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In architecture, an area (areaway in North America) is an excavated, subterranean space around the walls of a building, designed to admit light into a basement. Also called a lightwell, it often provides access to the house for tradesmen and deliveries to vaults under the pavement; it stores coal areas.
The term is most commonly applied to urban houses of the Georgian period in the UK, where it was normal for the service rooms, such as the kitchen, scullery and laundry, to be in the basement. Areas were commonly enclosed for safety reasons by wrought iron or cast iron railings, which became one of the principal decorative features of the astylar terraced houses of this period. Areas are also found in the English and French country house, where basements were popular in the 18th century as a way of accommodating service functions while allowing all four faces of a symmetrical Classical building to relate directly to its landscape setting, as at Mereworth Castle in Kent or The Abbey, Skirwith in Cumberland. Basements, and consequently areas, decreased in popularity in the 19th century, as attitudes to servants changed, although they continued to be constructed as service accommodation in urban settings where land was at a premium until the early 20th century. A suburban residential application can be seen at the Gamble House in Pasadena, California, to light the laundry and service areas of the expansive basement.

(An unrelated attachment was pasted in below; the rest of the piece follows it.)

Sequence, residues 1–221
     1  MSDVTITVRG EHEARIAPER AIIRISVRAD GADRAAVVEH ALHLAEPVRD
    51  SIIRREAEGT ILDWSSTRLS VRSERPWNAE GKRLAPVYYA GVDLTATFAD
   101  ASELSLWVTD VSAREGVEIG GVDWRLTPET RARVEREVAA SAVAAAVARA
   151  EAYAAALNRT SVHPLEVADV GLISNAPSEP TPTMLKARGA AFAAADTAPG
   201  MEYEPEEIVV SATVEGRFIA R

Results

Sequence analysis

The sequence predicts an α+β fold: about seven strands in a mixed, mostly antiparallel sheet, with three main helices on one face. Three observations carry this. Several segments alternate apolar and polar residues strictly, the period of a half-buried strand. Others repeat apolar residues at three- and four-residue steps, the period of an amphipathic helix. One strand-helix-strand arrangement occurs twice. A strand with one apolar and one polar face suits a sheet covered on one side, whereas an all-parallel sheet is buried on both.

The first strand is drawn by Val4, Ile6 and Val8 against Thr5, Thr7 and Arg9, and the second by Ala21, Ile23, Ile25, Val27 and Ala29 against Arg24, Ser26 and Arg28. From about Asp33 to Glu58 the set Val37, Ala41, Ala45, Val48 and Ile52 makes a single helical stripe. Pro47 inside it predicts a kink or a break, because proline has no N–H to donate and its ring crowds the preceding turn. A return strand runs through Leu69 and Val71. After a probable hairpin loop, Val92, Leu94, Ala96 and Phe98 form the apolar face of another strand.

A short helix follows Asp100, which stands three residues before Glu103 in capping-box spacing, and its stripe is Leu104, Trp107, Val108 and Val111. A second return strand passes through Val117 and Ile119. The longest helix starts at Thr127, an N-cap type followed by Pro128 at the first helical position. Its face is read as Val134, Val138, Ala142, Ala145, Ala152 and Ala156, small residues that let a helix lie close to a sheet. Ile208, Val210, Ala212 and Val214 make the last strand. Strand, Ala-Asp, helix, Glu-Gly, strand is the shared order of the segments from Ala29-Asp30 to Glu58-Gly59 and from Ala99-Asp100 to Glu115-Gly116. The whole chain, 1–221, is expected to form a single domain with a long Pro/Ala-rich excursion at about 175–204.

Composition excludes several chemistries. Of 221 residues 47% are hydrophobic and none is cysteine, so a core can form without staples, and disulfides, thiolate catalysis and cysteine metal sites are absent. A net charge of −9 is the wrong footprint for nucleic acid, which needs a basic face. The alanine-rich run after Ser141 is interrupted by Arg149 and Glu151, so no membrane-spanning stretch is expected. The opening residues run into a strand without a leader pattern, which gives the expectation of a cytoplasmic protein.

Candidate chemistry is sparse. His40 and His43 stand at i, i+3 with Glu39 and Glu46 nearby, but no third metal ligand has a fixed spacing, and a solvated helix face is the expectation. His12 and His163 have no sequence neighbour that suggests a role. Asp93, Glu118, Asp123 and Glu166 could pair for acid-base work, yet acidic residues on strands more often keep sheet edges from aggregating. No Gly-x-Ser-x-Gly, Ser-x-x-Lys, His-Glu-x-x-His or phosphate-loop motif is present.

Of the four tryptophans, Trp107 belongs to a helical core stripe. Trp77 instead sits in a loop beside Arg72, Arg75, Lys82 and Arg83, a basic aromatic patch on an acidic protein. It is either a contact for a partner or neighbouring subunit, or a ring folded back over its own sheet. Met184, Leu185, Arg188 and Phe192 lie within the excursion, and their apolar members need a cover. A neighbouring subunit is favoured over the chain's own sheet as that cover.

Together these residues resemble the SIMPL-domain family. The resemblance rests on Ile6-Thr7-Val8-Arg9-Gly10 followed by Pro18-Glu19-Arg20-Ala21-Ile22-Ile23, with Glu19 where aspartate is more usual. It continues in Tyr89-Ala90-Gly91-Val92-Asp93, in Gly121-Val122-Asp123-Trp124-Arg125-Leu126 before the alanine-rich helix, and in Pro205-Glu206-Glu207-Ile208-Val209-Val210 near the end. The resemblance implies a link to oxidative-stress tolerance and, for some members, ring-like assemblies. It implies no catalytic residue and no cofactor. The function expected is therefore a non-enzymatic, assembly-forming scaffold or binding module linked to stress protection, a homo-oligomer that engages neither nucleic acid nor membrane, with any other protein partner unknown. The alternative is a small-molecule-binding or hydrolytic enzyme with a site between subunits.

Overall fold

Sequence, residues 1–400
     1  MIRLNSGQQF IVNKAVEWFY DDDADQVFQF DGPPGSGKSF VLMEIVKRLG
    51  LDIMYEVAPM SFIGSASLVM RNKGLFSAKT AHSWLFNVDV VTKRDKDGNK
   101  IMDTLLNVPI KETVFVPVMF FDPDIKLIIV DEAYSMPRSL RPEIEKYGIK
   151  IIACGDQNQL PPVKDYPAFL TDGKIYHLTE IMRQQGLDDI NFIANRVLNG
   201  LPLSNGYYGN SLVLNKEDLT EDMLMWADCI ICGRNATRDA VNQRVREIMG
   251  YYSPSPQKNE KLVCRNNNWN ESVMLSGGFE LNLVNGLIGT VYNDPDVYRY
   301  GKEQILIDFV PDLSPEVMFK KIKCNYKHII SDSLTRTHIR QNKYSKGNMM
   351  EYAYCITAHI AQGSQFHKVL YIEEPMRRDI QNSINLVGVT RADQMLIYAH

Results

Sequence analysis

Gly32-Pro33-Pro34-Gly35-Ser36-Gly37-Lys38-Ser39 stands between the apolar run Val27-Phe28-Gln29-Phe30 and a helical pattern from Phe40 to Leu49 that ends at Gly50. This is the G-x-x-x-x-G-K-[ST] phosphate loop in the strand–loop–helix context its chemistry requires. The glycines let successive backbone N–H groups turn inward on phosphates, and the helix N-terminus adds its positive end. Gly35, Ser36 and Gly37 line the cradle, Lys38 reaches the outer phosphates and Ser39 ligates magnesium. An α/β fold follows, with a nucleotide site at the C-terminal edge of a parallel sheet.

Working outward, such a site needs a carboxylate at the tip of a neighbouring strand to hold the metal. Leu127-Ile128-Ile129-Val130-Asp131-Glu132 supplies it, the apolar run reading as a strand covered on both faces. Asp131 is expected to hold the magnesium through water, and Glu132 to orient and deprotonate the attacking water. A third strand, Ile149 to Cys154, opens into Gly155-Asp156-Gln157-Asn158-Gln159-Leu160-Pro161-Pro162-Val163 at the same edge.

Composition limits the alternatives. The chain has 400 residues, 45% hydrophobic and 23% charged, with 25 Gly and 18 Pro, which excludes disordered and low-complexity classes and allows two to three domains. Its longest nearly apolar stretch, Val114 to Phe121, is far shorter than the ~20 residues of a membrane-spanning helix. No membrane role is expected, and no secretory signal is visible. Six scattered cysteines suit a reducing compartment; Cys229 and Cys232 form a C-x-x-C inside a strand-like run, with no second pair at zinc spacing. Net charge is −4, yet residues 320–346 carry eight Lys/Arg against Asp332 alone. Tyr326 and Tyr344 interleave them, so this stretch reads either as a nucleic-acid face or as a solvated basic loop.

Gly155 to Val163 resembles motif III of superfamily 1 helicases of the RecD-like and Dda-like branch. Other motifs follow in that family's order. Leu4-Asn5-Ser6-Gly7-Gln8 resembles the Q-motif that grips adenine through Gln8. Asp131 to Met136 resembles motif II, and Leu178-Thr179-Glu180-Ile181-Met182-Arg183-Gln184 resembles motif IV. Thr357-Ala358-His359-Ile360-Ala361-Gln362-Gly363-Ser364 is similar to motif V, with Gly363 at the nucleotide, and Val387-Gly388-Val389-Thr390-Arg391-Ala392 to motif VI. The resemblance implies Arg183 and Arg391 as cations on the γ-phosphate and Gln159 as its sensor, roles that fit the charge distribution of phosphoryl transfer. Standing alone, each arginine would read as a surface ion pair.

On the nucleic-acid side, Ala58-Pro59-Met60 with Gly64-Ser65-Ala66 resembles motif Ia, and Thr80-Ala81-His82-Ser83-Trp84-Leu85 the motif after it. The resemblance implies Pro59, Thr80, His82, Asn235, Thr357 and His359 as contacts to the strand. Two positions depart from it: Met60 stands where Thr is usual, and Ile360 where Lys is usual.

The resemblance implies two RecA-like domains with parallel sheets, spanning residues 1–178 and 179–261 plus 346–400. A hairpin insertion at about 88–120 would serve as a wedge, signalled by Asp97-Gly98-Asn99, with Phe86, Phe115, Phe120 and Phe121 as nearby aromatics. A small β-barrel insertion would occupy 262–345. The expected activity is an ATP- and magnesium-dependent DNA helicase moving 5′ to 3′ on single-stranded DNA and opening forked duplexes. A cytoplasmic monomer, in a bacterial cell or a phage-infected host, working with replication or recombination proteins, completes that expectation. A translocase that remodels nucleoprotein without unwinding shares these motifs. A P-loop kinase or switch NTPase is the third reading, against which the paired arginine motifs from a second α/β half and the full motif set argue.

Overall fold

In early 18th-century house descriptions, the area was usually called the "airy", which suggests that its primary function was ventilation, needed to prevent cooking smells from percolating upstairs to the rooms above. This implies that the term "area" was a corruption of "airey" rather than vice versa.
In North London, it was known colloquially as "the airey". It is a subject of an old-time children's ball-bouncing rhyme, which begins:
"One, two, three, alairy
My ball is down the airey
Don't forget to give it to Mary
Early in the morning".
|Look up area, airy, or airey in Wiktionary, the free dictionary.|
- D. Cruickshank and N. Burton, Life in the Georgian city, 1990, pp.52-53, 83-85